What can you do if the dog who has stolen your heart damages your house while you’re away-often? More than frustrating, separation anxiety can damage the bond that makes these special pets our best friends.

This disorder is nobody’s fault. And it’s common. Many affected dogs, beside themselves with angst house soil, dig, scratch, chew, and howl. After returning home to daily disasters many frustrated dog parents protect their homes by confining their demolition dogs to a crate or a run. This almost always goes badly.

Science has discovered a genetic predisposition for many dogs with separation anxiety, a severe problem that has to be taken seriously because it represents a significant neurochemical imbalance in the brain. We can and do adjust the neurotransmitters at the root of this dysfunction with no side effects.

Behavior modification, of the scientific variety, is another essential component of treatment. There is much more.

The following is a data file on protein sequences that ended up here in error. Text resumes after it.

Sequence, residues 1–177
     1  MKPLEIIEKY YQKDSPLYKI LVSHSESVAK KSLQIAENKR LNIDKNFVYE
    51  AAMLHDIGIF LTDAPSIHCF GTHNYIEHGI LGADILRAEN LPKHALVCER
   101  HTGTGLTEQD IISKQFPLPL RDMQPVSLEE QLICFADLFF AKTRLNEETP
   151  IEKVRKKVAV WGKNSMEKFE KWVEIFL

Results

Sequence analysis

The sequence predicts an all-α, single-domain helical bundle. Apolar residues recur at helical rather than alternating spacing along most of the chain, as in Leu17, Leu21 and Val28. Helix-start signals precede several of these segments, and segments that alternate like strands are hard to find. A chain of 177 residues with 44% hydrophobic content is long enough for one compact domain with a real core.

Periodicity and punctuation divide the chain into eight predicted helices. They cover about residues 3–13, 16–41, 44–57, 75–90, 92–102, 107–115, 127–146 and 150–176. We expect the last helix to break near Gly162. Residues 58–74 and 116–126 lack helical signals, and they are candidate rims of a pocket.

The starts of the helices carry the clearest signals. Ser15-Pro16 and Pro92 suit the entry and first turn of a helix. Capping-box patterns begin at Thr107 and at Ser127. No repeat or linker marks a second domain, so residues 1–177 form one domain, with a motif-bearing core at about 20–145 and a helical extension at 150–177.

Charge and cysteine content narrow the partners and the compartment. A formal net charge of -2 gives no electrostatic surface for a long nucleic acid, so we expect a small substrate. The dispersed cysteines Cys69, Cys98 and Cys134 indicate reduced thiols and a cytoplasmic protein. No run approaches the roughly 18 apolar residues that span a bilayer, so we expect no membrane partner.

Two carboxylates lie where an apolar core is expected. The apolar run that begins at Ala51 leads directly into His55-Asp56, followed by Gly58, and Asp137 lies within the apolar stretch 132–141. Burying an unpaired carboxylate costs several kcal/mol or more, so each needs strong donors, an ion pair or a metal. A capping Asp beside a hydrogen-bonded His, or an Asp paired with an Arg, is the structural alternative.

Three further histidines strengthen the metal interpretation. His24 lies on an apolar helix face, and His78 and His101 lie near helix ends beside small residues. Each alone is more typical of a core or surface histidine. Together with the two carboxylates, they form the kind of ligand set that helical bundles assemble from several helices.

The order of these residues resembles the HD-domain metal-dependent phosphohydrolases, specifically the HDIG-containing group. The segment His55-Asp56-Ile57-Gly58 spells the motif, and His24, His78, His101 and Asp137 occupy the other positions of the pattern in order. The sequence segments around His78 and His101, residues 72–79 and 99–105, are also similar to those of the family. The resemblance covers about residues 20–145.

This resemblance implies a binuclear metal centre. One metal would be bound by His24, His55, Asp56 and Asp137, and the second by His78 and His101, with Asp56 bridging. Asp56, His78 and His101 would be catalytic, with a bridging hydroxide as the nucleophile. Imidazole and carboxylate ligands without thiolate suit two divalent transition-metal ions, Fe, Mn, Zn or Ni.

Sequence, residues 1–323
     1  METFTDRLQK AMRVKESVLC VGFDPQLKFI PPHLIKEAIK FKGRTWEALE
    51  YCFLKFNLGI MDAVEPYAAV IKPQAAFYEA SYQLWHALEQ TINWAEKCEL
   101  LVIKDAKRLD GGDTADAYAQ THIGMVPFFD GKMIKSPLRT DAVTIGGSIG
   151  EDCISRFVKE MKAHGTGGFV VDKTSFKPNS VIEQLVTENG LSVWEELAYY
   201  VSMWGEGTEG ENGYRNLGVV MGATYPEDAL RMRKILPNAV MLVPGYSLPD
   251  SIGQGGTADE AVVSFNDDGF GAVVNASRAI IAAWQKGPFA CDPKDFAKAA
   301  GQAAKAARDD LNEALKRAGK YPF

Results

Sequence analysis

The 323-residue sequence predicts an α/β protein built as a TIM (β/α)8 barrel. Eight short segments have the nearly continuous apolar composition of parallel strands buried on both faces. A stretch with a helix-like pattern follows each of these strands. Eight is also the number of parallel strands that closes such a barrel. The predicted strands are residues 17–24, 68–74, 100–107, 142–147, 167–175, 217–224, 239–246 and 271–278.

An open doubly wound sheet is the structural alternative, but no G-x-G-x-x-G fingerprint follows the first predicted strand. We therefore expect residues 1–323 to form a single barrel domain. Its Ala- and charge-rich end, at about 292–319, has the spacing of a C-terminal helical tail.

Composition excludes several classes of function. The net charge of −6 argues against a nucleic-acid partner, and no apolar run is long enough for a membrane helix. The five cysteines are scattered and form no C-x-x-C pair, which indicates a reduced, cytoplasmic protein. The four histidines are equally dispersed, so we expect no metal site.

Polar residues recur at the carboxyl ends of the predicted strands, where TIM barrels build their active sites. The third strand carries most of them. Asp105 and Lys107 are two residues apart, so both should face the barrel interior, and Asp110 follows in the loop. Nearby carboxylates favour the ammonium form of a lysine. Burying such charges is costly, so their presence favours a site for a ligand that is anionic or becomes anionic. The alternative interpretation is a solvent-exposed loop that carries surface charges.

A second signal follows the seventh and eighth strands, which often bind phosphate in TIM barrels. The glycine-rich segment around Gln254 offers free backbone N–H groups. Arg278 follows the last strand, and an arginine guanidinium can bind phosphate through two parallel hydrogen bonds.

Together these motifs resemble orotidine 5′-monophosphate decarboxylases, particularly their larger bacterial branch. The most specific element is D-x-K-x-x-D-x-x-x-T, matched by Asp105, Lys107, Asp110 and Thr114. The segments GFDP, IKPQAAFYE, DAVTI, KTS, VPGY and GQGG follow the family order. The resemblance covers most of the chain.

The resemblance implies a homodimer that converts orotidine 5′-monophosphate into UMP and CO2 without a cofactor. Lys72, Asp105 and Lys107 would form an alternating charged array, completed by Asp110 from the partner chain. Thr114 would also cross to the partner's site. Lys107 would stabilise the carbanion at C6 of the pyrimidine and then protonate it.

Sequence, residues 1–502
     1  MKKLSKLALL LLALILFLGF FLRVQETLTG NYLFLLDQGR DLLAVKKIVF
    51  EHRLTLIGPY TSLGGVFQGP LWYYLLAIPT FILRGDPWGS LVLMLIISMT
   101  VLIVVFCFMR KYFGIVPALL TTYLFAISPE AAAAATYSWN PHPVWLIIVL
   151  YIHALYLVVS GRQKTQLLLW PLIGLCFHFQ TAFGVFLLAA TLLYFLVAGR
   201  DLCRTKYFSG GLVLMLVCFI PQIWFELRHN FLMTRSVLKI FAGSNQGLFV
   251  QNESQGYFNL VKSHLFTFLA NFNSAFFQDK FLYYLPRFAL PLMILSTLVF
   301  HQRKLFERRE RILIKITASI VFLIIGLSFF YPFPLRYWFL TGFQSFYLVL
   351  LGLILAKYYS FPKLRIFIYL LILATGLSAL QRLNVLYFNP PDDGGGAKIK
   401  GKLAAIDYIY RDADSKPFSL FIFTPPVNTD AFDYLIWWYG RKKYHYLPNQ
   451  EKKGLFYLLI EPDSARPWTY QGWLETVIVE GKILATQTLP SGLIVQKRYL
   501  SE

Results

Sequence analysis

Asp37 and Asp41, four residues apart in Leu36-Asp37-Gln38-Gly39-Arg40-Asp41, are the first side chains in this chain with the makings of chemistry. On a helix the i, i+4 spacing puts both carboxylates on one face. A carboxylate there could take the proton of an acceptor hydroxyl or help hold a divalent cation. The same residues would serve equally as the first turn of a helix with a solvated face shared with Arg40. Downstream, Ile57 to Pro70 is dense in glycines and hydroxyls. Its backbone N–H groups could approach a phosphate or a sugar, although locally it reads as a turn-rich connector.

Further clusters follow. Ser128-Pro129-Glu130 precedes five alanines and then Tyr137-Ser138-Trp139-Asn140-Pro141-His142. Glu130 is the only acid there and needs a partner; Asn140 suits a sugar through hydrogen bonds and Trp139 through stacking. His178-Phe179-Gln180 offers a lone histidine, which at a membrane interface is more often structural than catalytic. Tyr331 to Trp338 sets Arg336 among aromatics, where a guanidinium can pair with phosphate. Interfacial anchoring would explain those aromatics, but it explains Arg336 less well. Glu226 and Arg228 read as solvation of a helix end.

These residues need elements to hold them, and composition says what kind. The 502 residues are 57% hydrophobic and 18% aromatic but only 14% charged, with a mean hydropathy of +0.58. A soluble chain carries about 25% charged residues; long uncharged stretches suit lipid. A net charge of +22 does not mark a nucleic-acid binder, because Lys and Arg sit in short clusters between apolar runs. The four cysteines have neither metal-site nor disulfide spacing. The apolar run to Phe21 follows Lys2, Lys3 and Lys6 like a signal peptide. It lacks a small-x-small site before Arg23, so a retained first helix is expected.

Teaching them to stay calm when seeing their person get ready to leave home and independence training have been crucial to the success of many dogs who freak-out when alone.

There won’t ever be guaranteed success. But most dogs who get the thorough care this disorder requires do much better. You and your veterinarian should do whatever it takes.

I hope you find this information useful. You’re welcome to share this video with any of your dog-loving friends. If their dog is miserable when home alone or if they arrive to find their house damaged, well, they’ll be glad for the advice.

Each week I share a short video, a podcast, or a blog to help bring out the best in pets. You can sign up at no charge on my website, drjeffnichol.com. And when you do, I’ll send you my free at-home pet first aid and CPR guide.

Thanks for listening. I’m Dr. Jeff Nichol.